Beyond Gut Health: Fermentation as Food Security

02.25.2021 Arts & Culture
Ali Parsons
Trending Editorials
Benefits of Pelvic Steaming
The Sovereign Journey Into the Self with Zach Bush, MD
Healing with Saffron

Food preservation and food security go hand in hand. Food security is defined as enough availability of healthy food for all. Food preservation is defined as methods that improve the shelf life of many different foods and has been used over thousands of years. One method that has been common in many cultures across centuries, is fermentation. Fermentation not only makes food last longer, but it actually improves the nutritional value of the food it is preserving.

Fermented foods are often talked about for their probiotic properties and benefits to gut health. Sauerkraut, kombucha, and pickled veggies are all common foods in a healthy diet. But what cultures do fermented foods come from and how does that relate to food security?

Fermentation is a food preservation method that allows for food to become preserved for longer periods of time and transforms foods into a unique flavor profile with an enhanced nutritional value due to the fermentation. Fermentation is a common food preservation practice across the entire world and has been around much longer than canning or refrigeration. Pickled fruits and vegetables play a key role in diets across the globe and cultures have been using this food preservation method for centuries. Fermented tea leaves, fruit juices, and other products in brine are common in Asia. Fermented cereals, tubes, and roots are common in Africa, Asia, Europe and Latin America. Fermented seeds and fish are also common. When foods go through a fermentation process, the nutritional value is modified and the foods can be enriched with essential amino acids, vitamins, and bioactive compounds.

Fermentation is inexpensive, easy, reliable, and allows for nutritious fruits, vegetables and other foods to be preserved and kept available for long periods of items. This preservation process allows communities across the globe to keep and store food to ensure availability in times where fresh food might not be possible.

Fermentation requires no equipment and can be easily done at home, preserving the health benefits and preventing foods from losing their nutritional value over time.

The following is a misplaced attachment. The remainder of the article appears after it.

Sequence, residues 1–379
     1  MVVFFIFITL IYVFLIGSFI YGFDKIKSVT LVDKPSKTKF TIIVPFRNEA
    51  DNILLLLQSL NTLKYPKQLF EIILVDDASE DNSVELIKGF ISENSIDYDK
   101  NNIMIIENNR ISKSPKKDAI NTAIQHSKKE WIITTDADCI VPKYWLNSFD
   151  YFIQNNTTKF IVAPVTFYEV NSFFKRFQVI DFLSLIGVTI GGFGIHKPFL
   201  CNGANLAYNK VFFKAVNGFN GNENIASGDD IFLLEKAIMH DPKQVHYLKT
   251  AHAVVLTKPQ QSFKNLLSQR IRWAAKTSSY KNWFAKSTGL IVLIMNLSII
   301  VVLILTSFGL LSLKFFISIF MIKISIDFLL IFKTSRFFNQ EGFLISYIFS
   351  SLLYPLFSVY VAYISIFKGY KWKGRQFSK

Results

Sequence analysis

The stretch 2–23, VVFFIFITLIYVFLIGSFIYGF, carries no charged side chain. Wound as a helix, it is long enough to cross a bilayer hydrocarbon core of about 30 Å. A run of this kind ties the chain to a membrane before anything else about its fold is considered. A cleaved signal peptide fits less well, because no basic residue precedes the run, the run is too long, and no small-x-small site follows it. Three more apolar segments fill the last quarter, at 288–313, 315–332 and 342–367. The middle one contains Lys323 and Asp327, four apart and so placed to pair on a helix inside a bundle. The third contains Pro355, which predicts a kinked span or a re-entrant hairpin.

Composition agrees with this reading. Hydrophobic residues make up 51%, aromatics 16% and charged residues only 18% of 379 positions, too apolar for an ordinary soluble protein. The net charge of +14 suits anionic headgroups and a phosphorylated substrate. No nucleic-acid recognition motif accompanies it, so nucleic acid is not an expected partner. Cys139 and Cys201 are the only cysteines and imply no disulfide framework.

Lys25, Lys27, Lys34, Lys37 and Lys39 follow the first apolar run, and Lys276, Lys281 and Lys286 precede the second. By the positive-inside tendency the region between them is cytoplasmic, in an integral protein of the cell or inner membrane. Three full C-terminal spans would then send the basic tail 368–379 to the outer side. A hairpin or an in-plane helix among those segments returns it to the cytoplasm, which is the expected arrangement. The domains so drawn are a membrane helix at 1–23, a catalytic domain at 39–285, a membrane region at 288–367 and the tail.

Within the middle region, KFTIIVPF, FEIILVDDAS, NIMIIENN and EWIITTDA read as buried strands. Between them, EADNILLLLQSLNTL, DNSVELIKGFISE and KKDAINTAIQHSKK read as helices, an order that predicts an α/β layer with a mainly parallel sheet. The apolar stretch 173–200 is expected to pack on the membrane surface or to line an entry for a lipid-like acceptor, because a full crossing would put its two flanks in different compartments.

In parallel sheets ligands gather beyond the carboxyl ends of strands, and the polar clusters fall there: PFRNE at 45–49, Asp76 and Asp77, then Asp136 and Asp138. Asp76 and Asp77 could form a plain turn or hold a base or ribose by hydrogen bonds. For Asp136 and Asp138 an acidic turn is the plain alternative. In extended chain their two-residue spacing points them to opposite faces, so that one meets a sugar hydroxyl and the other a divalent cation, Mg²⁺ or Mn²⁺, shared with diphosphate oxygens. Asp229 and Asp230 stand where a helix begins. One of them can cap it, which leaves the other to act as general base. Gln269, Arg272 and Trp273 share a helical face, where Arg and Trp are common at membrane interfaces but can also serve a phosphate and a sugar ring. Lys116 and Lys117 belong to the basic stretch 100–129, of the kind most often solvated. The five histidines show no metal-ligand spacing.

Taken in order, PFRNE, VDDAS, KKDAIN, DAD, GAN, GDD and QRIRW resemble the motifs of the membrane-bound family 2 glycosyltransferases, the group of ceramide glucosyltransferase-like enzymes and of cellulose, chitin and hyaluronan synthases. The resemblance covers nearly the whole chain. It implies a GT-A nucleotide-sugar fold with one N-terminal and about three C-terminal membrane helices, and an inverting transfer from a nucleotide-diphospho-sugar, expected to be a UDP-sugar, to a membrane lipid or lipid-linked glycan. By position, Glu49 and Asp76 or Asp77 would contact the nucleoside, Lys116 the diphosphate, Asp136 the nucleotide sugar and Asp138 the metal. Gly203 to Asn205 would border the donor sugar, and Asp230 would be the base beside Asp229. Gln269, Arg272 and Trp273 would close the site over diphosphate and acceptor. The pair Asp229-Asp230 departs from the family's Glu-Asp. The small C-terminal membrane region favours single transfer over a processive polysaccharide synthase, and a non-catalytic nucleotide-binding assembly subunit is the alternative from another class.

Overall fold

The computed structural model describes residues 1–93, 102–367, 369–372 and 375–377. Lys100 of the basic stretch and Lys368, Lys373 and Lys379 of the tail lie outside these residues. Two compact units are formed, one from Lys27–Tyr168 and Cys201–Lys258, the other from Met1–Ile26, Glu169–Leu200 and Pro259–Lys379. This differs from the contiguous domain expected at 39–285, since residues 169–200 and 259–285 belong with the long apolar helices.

An indicator that fermentation and food security go hand in hand, is the countless cultures that use this process. Many fermented foods have been developed in areas that traditionally experience famine, such as Western Sudan in the Kordofan and Darfur regions. More on this study can be found here. The correlation is further supported by the fact that when a family becomes rich, food fermentation is no longer prepared for a number of foods.

Fermentation also plays a role in food security in that it can turn otherwise inedible food waste into a nutritious and healthy food source. In Sudan, a wide variety of edible food “waste” products are fermented into foods such as “Dodery”, which has a shelf life of up to two months. In Indonesia, a tempeh-like protein-rich food is made by fermenting a wide variety of food waste products including peanut and coconut press cake. More on this can be found in this article from the Food and Agriculture Organization. Efforts are also being made to improve the fermentation process in third world countries to promote access to food, entrepreneurship, and food security. The project FermFood, aims to combat hunger and malnutrition by improving the food fermentation process in Africa. Additionally, it aims to strengthen women’s entrepreneurial efforts at making food fermentation a priority. In turn, this will result in higher production of food and also generated income.

While fermented foods are popular in the wellness space and are known for their taste and gut-healing benefits, it is important to remember the origin of these foods — where they came from, and how they have ensured that cultures across the world have had access to enough healthy food.

Ali Parsons graduated from The University of Washington with a degree in Media & Communications. She is passionate about nutrition, health, and wellness and is currently in the process of becoming a Registered Dietitian. Ali enjoys cooking, running, yoga, hiking and travel!

In Your Inbox